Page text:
The Shiite minority emerged the main victors in Kuwait's parliamentary polls - boycotted by the opposition which considered the new assembly illegitimate - amid poor voter turnout.
Shiite candidates bagged 17 of the 50-seat parliament, their biggest tally ever, as they refused to join calls by the Sunni-dominated opposition to boycott the polls in protest against an amendment of the electoral law.
Shiites, who form about 30 per cent of Kuwait's native population of 1.2 million, had nine seats in the previous parliament elected in 2009 and seven in the assembly elected in February and later scrapped by a court.
Three women were elected to the new parliament compared to four in 2009, according to results released by the National Election Commission.
The new house includes as many as 30 new faces, reflecting the boycott by former MPs who are leading members of the opposition.
Sunni Islamists were reduced to a small minority of four MPs compared with as many as 23 in the house elected in February.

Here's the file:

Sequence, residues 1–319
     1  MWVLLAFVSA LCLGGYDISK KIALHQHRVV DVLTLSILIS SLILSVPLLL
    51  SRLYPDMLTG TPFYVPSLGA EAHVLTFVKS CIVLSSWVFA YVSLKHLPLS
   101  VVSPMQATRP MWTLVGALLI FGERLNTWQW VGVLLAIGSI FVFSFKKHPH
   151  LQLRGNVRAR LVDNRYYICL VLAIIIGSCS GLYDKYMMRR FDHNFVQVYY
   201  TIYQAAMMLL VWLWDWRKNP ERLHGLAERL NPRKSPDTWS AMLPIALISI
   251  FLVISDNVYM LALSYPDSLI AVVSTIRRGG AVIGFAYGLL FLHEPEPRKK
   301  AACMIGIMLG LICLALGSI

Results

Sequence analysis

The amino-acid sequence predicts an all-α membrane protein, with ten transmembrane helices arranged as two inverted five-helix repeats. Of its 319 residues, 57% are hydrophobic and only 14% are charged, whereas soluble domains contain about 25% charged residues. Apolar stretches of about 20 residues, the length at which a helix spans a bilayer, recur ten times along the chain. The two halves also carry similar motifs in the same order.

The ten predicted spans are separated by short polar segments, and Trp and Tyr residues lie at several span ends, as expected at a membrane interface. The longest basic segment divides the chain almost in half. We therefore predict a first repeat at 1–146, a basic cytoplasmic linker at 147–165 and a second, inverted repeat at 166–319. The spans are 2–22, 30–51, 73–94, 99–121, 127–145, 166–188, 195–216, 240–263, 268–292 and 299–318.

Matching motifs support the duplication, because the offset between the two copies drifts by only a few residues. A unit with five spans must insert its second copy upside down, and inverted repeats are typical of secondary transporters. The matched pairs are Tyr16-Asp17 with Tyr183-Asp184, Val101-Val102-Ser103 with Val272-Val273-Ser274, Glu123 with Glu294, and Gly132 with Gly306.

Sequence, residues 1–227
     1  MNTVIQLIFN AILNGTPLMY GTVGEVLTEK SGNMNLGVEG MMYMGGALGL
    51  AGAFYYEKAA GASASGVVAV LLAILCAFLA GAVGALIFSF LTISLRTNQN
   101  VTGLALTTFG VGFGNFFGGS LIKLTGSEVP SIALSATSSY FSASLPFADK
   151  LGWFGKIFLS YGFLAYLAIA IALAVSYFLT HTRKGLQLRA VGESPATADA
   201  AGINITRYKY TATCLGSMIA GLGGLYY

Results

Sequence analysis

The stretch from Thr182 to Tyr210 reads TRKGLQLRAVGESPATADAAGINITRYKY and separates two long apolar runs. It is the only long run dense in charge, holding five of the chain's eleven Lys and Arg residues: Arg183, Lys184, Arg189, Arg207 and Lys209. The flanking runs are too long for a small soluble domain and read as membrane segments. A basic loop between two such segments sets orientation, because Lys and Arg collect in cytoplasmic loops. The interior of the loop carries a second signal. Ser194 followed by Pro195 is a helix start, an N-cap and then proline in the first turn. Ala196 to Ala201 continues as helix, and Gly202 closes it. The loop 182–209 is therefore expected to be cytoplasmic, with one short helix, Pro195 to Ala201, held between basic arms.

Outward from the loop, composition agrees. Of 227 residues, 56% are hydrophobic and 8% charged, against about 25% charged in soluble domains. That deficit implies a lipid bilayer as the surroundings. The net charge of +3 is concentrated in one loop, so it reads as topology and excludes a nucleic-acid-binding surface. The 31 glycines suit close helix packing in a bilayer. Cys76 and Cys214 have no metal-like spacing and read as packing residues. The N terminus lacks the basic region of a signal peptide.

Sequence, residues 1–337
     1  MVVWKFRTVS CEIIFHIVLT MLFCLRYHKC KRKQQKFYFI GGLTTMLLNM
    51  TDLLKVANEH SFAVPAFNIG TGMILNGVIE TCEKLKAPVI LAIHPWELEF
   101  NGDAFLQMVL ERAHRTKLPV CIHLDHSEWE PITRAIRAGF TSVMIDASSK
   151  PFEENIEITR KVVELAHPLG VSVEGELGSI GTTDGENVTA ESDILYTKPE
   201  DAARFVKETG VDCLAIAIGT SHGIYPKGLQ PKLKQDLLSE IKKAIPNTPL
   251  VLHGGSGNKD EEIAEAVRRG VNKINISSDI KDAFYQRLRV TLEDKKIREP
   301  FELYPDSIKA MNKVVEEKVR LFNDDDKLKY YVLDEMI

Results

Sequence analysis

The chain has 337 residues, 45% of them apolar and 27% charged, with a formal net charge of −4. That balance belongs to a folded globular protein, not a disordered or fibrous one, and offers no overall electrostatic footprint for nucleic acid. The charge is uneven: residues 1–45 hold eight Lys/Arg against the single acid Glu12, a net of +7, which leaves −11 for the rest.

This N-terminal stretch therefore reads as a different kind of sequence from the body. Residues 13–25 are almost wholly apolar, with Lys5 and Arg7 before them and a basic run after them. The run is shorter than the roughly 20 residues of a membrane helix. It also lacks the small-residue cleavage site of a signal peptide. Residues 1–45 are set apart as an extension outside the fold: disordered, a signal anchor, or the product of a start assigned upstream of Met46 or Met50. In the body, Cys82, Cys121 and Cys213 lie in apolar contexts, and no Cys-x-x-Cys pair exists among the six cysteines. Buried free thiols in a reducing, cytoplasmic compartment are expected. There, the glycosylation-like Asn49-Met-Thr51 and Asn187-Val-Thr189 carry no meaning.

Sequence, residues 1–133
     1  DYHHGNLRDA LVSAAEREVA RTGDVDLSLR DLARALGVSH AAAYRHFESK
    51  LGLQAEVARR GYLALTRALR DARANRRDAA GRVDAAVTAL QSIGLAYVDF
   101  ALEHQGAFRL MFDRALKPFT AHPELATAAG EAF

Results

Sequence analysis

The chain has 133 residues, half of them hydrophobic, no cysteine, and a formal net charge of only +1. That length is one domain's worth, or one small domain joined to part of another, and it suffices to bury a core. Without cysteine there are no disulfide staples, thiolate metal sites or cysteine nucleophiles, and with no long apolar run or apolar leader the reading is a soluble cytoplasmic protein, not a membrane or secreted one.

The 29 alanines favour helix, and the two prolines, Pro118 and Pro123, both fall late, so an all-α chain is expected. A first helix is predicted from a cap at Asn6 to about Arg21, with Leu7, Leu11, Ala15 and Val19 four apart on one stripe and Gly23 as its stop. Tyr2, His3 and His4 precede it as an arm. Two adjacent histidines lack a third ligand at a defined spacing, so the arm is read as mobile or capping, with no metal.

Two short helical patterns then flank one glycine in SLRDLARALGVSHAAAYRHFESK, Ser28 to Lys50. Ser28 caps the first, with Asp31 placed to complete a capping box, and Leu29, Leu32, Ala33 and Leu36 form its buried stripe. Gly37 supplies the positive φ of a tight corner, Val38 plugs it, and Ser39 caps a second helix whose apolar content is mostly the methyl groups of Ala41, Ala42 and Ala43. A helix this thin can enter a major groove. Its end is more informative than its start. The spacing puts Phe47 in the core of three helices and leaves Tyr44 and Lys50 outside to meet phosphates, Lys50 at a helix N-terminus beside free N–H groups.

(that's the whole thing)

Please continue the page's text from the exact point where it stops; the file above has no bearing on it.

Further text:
The boycott was called to protest at the government's unilateral amendment of an key electoral law ahead of the polls. The opposition says the action enabled the government to manipulate the outcome of polls.
The opposition hailed the boycott as successful as a majority of voters stayed home.
"Based on statistics compiled by the opposition, the voter turnout was 26.7 per cent," said former MP Khaled al-Sultan at the end of an emergency meeting by the opposition after the ballots closed.
Political analyst Mohammad al-Ajmi said the new parliament would be unlikely to survive for long as the country appears headed for an escalation of tension between the Islamist, nationalist and liberal opposition and the government led by the al-Sabah ruling family.